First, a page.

Small Family Farm CSA

We Dig Vegetables


Search Our Site

June Eighth

The second week of CSA harvest and field work is going smoothly. We received about 1 inch of rain over the course of the weekend which was a blessing on the newly transplanted sweet corn, peppers, tomatoes, and eggplants.  The farm activities are heavy on transplanting this time of year.  Our goal is to empty out the greenhouse of plants.  While we are always planting more crops and re-filling up the greenhouse, the bulk of the Spring planting is done. 

The rain this week makes me think of gratitude.  The temperatures have been cool which is kind to our Spring broccoli, lettuce, peas, cabbage, kohlrabi, radishes and more that do not love the heat.  How lucky we are to have this gentle, quantitive, free water falling from the sky, in such an intermittent and timely fashion.  It feels like a compliment and a gift that makes me feel seen and appreciative, while I know it has nothing to do with me, perhaps I resonate with the plants as they too feel seen and appreciative. 

Our family life is adjusting to the changes of the CSA season. The kids are getting used to Mom and dad working more.  Well, mostly Mom working more because dad has been out on a tractor somewhere on the farm for two months now.  We’ve transitioned away from the structured, scheduled homeschool regimen and into the “wild-and-free” regimen.  To my amazement, the kids are adjusting wonderfully.  Perhaps they’re learning and feeling our families’ seasonal rhythm and know what “the start of CSA deliveries” means.  Our four-year-boy still loves to follow mom around everywhere she goes.  Even if it means sitting on the back of the transplanter for four hours because that’s what mom is doing our weaving his bicycle around the legs of the people working in the packing shed for an afternoon because that is where mom is working.  I feel thankful that he doesn’t need me to hold him while I work this year and he still wants to be close to me.  How much longer will he want to be so near to me?  I kiss him as often as I can.  Our seven year old is fascinated with bird’s nests, moths, beetles, toads, and does not struggle to amuse herself.  So far the 10 year old wants to read all day when she isn’t doing chores, music practice, playing with friends or art projects. 

We see the least of our oldest in the fields these days.  Perhaps she will be lured to the fields when the strawberries come into season, the peas are ready for the picking or the carrots are ready to be pulled.  The fruits of all this labor are attractive and appealing to a hungry pre-teen.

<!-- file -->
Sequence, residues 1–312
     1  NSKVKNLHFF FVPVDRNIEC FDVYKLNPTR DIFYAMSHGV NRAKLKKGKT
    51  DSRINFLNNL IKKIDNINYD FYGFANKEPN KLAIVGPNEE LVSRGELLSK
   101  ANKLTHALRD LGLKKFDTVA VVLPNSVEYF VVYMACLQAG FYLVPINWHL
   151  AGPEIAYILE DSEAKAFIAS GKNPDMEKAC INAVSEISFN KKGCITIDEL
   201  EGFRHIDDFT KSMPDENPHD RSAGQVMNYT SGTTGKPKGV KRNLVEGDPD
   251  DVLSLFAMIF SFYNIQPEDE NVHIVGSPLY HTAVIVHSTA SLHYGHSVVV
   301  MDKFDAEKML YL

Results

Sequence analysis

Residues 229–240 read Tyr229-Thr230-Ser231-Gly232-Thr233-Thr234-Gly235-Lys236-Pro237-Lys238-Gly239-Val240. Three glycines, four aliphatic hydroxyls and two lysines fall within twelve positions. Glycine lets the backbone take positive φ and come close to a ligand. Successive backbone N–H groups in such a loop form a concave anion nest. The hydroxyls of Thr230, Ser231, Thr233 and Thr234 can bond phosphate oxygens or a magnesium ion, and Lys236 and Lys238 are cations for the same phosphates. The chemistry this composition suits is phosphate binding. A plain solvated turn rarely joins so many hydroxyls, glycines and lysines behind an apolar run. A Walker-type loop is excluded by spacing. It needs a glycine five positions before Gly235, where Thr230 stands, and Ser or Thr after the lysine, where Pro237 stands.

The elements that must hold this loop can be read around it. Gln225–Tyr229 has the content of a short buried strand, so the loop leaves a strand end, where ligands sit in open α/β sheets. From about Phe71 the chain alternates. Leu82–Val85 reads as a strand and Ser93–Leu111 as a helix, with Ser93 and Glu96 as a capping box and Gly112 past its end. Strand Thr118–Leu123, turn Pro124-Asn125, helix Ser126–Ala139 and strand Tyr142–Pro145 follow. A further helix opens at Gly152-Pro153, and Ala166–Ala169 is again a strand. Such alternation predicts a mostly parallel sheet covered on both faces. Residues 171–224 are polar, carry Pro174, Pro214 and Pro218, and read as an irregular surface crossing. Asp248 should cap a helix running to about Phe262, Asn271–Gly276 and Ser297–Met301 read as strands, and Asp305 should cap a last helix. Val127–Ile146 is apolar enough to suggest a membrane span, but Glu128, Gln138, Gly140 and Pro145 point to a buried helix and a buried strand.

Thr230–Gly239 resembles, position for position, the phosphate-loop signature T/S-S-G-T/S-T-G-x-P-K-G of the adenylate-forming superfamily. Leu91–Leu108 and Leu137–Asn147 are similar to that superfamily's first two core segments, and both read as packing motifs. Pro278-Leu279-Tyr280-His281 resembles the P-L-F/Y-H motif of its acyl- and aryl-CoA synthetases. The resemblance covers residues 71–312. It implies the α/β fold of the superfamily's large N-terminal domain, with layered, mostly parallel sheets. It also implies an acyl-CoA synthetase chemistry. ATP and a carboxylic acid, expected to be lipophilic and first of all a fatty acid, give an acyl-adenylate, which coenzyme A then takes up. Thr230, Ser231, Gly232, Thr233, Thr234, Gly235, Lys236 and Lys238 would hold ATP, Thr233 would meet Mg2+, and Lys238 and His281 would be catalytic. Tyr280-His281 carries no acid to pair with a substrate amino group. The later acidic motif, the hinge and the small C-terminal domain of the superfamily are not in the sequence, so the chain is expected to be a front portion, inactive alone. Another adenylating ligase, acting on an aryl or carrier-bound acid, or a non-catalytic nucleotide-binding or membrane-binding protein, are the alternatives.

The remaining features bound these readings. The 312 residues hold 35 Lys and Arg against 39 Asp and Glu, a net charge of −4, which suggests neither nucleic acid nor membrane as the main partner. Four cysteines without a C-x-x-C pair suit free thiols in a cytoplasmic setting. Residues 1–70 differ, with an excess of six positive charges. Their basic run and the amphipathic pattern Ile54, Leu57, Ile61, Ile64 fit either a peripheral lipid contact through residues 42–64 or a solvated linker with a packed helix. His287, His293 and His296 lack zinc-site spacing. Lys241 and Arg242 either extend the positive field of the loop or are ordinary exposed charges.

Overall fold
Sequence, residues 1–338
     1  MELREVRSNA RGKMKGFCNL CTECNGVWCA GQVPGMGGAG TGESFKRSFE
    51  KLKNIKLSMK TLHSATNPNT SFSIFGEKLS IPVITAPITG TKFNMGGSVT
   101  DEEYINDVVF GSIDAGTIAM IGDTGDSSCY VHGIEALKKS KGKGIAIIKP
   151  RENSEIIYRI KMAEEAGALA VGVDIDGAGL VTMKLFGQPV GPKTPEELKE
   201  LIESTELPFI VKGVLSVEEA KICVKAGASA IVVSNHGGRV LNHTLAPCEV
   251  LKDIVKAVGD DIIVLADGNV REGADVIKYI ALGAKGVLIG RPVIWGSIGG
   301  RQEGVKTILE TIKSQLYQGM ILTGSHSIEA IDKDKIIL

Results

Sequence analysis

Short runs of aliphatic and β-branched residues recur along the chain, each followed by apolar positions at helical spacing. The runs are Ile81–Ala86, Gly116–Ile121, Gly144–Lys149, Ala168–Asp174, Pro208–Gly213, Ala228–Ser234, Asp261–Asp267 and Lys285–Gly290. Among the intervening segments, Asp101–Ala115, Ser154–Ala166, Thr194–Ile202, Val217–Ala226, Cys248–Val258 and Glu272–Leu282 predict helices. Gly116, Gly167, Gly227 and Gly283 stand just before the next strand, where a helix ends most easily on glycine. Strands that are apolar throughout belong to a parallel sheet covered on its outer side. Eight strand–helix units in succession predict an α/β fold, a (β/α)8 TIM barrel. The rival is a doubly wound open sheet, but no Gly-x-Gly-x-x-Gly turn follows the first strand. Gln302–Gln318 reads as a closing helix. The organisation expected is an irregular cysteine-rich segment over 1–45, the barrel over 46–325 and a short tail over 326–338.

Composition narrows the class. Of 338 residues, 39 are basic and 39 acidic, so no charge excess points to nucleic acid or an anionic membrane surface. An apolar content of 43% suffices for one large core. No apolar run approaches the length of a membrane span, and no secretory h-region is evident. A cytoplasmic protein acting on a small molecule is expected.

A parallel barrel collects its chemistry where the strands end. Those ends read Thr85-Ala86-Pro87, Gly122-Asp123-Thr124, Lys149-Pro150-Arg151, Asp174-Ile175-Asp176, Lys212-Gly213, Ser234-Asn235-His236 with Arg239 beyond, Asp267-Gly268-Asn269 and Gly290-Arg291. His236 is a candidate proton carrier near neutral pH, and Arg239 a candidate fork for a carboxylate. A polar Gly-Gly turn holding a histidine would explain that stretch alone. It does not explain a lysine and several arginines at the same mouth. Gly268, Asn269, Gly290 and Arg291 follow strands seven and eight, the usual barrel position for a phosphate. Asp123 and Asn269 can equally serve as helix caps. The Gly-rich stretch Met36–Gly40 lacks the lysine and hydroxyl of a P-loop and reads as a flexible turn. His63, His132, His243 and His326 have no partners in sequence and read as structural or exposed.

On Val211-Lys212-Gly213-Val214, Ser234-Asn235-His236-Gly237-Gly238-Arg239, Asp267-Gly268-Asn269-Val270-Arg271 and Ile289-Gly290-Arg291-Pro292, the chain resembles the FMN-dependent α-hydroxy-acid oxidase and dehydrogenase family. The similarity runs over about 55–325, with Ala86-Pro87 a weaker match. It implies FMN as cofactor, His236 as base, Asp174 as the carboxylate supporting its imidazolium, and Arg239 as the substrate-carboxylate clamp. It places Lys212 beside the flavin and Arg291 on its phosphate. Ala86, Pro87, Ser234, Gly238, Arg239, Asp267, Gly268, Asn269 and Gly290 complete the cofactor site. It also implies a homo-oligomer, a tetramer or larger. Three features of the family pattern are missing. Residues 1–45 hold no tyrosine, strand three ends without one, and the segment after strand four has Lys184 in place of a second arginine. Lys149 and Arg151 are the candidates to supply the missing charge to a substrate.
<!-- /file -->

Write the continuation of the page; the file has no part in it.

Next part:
My mother has helped immensely to make the transition into the CSA season smooth and painless.  Momma Jane lives next door in her own house on her own 5 acres.  Some days she’s over here more often than she’s at home.  She’s retired now and is grandma extraordinaire.  She mows our huge lawn, helps feed and wrangle our three kids, runs curious farm errands far and wide into the boonies and feeds us.  She happens to be an amazing cook too!  After a full day of work on the farm when our bodies and minds are tired, we often come in to a warm and clean house smelling of home-made deliciousness which is a saving grace when we’re holding it together by threads some days and all we need is a nourishing meal together around the table to feel settled and re-connected.  She is the matriarch who we are endlessly grateful for.  She has been with us for all 17 years and without Mama Jane, I know that our farm would not be what it is today without her. 

IMG 1916

What’s in the Box?

Pac Choi-  This Asian green was greenhouse grown to give an extra head start to the growing season.  Pac Choi are difficult to grow in the Spring.  We cover them with Remay (a thin, white, sheet-like material) to keep the bugs off of them.  Many hungry creatures including rabbits, birds and a few others are also kept at bay with the use of Remay!  These tender, Spring greens are very tempting for all!

Red Buttercup Lettuce-  These red buttercups are also greenhouse grown.  Lovingly tended to with daily care, watering, covering and uncovering. I love these extra tender buttercup varieties that can only be grown in the Spring and Fall because they will not tolerate the heat of the summer. 

Cherry Belle Radish-  Gorgeous, stunning red radishes satisfying our urge for that which is crunchy, crispy and a wee-bit spicy.  Did you know that radish greens are edible as well?  Radish greens can be used in egg dishes, on pizza, or snuck in to your diet in creative ways if your goal is to increase your greens intake!  Check out the Radish Greens Creamy Soup recipe one member shared with us from last week below! 

Asparagus-  Asparagus is the one and only vegetable that we buy for CSA Boxes.  Purchased from an organic asparagus farm nearby at Spears R Us. 

Herb Packs-  Basil, thyme, rosemary, and oregano plants.  These herbs can be transplanted into your garden, planted into trays or containers for “container gardening”, or potted up and put in your window in the house.  They will prefer full sun and plenty of water, especially at transplant.  There is nothing like fresh herbs in your summer cooking!

Overwintered Beets-  Believe it or not, these beets are actually from last summer!  We kept them in our cooler all winter and saved them to give to you on our Week 2 delivery box.  They will store best in a plastic bag in the fridge.

Spinach-  A .96 lb bag of spinach for everyone this week.  We were very pleased to have a nice giving of Spinach for the second CSA giving of the season!

IMG 1919


Creamy Radish Top Soup - Thank you Mary M. for the recipe contribution!  

Asparagus and Bacon Quiche

Pac Choi Fried Rice